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Australia is a unique and diverse country in every way – in culture, population, climate, geography, and history.

Culture

Australian culture is as broad and varied as the country’s landscape. Australia is multicultural and multiracial and this is reflected in the country’s food, lifestyle and cultural practices and experience. Australia has an important heritage from its indigenous people, which plays a defining role in the cultural landscape. This diversity of influences creates a cultural environment in Australia that is lively, energised, innovative and outward looking.

Population

As of October 2012, Australia’s population is roughly 22.7 million people. The most populous states are New South Wales and Victoria, with their respective capitals, Sydney and Melbourne, the largest cities in Australia. Australia’s population is concentrated along the coastal region of Australia from Adelaide to Cairns, with a small concentration around Perth, Western Australia. The centre of Australia is sparsely populated.

Climate

The majority of Australia experiences temperate weather for most of the year. The northern states of Australia are typically warm all the time, with the southern states experiencing cool winters but rarely sub-zero temperatures. Snow falls on the higher mountains during the winter months, enabling skiing in southern New South Wales and Victorian ski resorts, as well as the smaller resorts in Australia’s island state, Tasmania.

Geography

Australia is an island continent and the world’s sixth largest country (7,682,300 sq km). Lying between the Indian and Pacific oceans, the country is approximately 4,000 km from east to west and 3,200 km from north to south, with a coastline 36,735 km long. Canberra is Australia’s capital city. With a population of approximately 320,000 people and situated in the Australian Capital Territory, Canberra is roughly half way between the two largest cities Melbourne and Sydney. Australia has 19 listed World Heritage properties. Australia is also famous for its landmark buildings including the Sydney Harbour Bridge; its ancient geology, as well as for its high country.

History

Australia’s first inhabitants, the Aboriginal people, are believed to have migrated from some unknown point in Asia to Australia between 50,000 and 60,000 years ago. While Captain James Cook is credited with Australia’s European discovery in 1770, a Portuguese possibly first sighted the country, while the Dutch are known to have explored the coastal regions in the 1640s. The first European settlement of Australia was in January 1788, when the First Fleet sailed into Botany Bay under the command of Captain Arthur Phillip. Originally established as a penal colony, by the 1830s the number of free settlers was increasing. Transportation of convicts to the eastern colonies was abolished in 1852 and to the western colonies in 1868.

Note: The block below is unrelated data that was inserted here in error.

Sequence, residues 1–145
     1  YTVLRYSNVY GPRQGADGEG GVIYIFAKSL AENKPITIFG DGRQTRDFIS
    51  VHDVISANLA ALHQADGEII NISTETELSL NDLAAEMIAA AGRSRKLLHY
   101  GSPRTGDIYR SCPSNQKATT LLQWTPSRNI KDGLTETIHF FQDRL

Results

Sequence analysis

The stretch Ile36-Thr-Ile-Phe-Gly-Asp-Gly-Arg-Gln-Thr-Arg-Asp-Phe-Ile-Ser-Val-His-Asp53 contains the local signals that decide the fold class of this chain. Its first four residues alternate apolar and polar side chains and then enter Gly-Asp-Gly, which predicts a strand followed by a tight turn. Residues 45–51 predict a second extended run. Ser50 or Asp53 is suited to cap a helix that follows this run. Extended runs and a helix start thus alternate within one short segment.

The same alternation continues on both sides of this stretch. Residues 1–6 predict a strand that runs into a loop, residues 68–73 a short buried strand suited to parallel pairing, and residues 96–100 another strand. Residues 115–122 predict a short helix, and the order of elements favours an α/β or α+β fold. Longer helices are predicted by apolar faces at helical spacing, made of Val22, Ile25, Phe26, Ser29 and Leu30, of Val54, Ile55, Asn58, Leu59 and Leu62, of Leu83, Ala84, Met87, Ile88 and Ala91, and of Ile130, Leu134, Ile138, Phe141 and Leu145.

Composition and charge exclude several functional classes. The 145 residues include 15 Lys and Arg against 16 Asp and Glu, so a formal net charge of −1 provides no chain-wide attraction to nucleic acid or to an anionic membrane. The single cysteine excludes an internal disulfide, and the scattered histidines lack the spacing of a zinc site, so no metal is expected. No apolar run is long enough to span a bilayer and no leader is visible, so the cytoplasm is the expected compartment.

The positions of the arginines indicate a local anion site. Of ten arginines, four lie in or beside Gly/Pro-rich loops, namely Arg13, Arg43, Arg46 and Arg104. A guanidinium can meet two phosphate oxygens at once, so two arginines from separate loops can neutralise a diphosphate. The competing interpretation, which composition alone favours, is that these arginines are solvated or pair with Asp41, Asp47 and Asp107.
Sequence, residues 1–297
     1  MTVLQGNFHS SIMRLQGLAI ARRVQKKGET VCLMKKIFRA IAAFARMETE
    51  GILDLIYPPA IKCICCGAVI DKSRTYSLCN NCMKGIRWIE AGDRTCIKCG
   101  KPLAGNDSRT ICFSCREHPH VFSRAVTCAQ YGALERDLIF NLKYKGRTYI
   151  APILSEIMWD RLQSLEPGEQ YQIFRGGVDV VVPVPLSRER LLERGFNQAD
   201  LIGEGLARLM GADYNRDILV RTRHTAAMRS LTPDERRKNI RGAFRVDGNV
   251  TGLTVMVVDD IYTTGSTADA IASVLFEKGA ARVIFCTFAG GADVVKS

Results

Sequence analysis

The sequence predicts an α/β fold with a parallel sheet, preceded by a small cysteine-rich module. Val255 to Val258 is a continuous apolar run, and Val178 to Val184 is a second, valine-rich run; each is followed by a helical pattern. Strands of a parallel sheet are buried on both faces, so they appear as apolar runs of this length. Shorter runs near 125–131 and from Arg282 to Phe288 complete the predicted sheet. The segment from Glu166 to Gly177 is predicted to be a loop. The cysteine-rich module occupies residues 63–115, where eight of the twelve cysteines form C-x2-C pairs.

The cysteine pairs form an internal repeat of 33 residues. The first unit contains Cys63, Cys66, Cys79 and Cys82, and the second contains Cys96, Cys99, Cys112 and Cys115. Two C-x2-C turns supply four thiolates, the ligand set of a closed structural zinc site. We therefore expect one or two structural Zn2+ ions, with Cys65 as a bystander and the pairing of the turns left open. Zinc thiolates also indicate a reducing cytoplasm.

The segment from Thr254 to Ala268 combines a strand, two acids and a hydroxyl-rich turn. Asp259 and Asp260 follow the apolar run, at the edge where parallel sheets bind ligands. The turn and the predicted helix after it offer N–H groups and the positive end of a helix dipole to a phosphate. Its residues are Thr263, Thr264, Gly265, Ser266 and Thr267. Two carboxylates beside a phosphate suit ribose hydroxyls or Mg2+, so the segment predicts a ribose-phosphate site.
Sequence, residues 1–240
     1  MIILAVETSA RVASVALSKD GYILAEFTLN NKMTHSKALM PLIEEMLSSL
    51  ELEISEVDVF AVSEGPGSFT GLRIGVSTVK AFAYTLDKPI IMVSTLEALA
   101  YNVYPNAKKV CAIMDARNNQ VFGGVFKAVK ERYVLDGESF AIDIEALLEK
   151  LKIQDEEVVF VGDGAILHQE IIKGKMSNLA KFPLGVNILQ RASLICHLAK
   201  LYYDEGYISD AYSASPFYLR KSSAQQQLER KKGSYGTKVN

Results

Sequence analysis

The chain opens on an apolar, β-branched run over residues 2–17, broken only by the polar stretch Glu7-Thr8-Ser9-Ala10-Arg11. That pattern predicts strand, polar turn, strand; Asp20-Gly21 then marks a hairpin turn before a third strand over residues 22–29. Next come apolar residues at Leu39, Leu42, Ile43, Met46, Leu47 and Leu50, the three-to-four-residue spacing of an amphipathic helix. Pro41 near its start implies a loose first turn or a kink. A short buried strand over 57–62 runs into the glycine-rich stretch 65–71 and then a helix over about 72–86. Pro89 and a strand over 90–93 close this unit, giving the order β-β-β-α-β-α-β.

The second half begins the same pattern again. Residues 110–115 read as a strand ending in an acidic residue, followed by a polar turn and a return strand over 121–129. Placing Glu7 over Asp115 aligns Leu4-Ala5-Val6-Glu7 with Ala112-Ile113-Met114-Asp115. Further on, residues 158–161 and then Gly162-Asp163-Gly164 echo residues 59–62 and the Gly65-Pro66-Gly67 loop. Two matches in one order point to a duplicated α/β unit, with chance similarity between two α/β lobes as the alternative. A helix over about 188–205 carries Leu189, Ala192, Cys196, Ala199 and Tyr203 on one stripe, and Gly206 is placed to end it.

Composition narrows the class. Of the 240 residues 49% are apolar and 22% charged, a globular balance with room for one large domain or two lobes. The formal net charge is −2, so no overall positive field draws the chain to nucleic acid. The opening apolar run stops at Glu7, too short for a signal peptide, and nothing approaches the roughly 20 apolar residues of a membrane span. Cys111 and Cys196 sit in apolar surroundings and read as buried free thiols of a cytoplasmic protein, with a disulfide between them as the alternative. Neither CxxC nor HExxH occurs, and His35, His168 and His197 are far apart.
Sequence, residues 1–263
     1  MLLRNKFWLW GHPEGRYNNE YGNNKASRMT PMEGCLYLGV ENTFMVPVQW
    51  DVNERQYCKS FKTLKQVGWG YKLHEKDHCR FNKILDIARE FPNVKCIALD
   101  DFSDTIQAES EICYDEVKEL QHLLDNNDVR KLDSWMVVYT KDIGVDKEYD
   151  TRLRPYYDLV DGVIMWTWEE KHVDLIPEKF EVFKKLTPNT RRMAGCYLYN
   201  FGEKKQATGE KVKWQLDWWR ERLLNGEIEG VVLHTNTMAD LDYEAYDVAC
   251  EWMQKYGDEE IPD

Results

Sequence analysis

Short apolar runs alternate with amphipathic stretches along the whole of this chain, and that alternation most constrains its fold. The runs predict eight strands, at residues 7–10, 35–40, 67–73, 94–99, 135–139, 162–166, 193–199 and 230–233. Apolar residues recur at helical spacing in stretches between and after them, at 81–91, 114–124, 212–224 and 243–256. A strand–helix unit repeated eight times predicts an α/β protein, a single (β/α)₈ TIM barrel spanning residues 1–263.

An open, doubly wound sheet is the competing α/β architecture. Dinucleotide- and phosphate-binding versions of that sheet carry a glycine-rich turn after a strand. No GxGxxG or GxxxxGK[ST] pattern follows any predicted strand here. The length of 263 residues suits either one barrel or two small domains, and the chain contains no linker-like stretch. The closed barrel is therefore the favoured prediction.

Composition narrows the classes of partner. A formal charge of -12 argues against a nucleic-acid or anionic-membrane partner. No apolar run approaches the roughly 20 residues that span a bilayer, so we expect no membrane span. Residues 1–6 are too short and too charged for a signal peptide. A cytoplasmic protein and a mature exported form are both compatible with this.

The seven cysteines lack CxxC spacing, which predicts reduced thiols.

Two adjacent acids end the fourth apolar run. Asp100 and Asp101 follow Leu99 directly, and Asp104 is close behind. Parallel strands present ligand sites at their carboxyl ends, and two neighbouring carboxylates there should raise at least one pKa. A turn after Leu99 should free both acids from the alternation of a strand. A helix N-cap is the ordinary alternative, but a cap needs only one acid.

Education

Australia has best quality of education.

  1. Australian National University

    ANUANU is a world-leading university in Australia’s capital city, Canberra. Our location points to our unique history, ties to the Australian Government and special standing as a resource for the Australian people.Our focus on research as an asset, and an approach to education, ensures our graduates are in demand the world-over for their abilities to understand, and apply vision and creativity to addressing complex contemporary challenges.

  2. Sydney University

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    Leadership is listening. Leadership is bold. Leadership is foresight. Leadership is action. Leadership is challenging. Leadership is questioning. Leadership is pragmatic. Leadership is progressive. Leadership is making a stand. Leadership isn’t an acronym. Leadership is common sense. Leadership isn’t about leaders. The University of Sydney. Leadership for good.
    Our scholars and students share a passionate commitment to the transformative power of education. Our research makes a real difference to our understanding of today’s world and how we work and live in it, and we enrich our community by bringing together people from all social and cultural backgrounds.

  3. University of Melbourne

    CaptureIf you’re planning to study in Australia, you may well have your sights set on one of the two highest-ranking universities in Australia: Australian National University (ANU) and the University of MelbournePlaced at 25th and 33rd in the QS World University Rankings® 2014/15, both are clearly among the world’s very best universities, making the choice between the two leading universities in Australia a pretty tough decision.

    Below is an overview of various factors to consider when choosing where to study in Australia, including subject strengths, tuition fees, location and student population, followed by a more in-depth comparison of the top two universities in Australia in each category.